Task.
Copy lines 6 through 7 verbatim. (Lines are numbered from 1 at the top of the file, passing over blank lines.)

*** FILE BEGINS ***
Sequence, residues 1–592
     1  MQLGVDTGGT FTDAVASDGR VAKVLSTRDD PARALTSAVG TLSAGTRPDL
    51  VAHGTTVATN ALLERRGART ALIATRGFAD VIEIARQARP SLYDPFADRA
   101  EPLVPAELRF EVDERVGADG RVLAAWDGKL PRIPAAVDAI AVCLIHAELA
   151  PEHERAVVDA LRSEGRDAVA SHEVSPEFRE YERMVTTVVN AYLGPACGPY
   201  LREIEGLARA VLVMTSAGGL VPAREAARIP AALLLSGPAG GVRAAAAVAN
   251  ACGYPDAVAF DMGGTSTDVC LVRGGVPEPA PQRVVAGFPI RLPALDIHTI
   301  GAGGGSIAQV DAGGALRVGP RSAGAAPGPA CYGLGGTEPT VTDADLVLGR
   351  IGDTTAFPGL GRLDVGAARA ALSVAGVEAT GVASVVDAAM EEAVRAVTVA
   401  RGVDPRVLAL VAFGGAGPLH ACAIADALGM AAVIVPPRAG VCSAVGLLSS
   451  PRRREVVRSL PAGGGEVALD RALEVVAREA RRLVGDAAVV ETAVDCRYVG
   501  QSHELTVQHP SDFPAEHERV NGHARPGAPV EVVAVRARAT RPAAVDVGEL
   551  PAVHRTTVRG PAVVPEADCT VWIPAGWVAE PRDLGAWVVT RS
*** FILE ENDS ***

   201  LREIEGLARA VLVMTSAGGL VPAREAARIP AALLLSGPAG GVRAAAAVAN
   251  ACGYPDAVAF DMGGTSTDVC LVRGGVPEPA PQRVVAGFPI RLPALDIHTI